[Jordan and Evermann, 1896-1900, p. 797 (Menidia gracilis Günther)]
This species resembles the common silverside so closely in general appearance that it would be apt to be overlooked among the schools of the latter were it not paler in color, [page 305] and stouter bodied as a rule. A more dependable difference, which will always serve to separate the two (for which neither color nor form can be relied upon) is that the anal fin is much shorter (only 15 or 16 rays) in the waxen silverside than in the common silverside.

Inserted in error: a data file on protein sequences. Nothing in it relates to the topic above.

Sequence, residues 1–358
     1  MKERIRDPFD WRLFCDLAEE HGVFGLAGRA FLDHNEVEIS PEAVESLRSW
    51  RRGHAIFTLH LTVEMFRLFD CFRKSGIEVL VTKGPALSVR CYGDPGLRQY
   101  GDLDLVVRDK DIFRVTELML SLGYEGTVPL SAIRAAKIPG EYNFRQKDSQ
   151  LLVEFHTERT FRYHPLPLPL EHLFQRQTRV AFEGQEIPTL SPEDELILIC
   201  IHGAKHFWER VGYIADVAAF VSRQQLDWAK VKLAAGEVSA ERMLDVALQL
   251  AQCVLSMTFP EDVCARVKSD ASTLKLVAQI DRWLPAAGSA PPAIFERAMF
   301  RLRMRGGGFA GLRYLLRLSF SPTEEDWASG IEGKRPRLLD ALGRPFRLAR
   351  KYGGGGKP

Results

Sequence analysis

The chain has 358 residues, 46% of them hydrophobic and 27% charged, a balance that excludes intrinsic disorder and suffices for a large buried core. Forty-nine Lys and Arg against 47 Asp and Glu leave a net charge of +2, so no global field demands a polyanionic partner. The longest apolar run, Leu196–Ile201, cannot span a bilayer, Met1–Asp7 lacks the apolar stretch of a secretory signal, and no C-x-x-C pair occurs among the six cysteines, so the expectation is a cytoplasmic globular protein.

Pale greenish on the back, silvery below; the sides with a well-defined silvery band bounded above by a dark line; scales on the back with numerous brown dots; fins without markings.
Smaller than its relative menidia, the maximum length being about 3 inches.
Cape Cod to South Carolina.
Specimens reported by Kendall (1902) from Truro, and from Sandwich in Cape Cod Bay, with one taken in Cohasset, on the southern shore of Massachusetts Bay in the autumn of 1939, are the only records for this fish within the Gulf of Maine, where it appears only a stray from warmer waters to the west and south. At Woods Hole, where it is abundant, its habits are the same as those of the common silverside, though it spawns somewhat later (in June and July).